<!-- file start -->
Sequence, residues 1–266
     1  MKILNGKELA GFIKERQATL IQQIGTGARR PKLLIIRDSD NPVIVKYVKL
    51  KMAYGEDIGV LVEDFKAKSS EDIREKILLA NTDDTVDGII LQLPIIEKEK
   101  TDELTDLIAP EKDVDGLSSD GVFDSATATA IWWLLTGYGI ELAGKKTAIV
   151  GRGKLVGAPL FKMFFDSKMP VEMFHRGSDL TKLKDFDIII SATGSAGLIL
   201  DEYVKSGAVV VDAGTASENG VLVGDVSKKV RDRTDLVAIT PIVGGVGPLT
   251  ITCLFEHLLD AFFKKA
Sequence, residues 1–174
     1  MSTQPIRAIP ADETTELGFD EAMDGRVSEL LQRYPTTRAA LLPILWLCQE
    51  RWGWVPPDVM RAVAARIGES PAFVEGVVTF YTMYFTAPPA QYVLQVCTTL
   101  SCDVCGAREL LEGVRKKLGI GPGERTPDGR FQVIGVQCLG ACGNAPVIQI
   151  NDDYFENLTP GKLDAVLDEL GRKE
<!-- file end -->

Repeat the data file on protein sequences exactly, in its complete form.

Sequence, residues 1–266
     1  MKILNGKELA GFIKERQATL IQQIGTGARR PKLLIIRDSD NPVIVKYVKL
    51  KMAYGEDIGV LVEDFKAKSS EDIREKILLA NTDDTVDGII LQLPIIEKEK
   101  TDELTDLIAP EKDVDGLSSD GVFDSATATA IWWLLTGYGI ELAGKKTAIV
   151  GRGKLVGAPL FKMFFDSKMP VEMFHRGSDL TKLKDFDIII SATGSAGLIL
   201  DEYVKSGAVV VDAGTASENG VLVGDVSKKV RDRTDLVAIT PIVGGVGPLT
   251  ITCLFEHLLD AFFKKA
Sequence, residues 1–174
     1  MSTQPIRAIP ADETTELGFD EAMDGRVSEL LQRYPTTRAA LLPILWLCQE
    51  RWGWVPPDVM RAVAARIGES PAFVEGVVTF YTMYFTAPPA QYVLQVCTTL
   101  SCDVCGAREL LEGVRKKLGI GPGERTPDGR FQVIGVQCLG ACGNAPVIQI
   151  NDDYFENLTP GKLDAVLDEL GRKE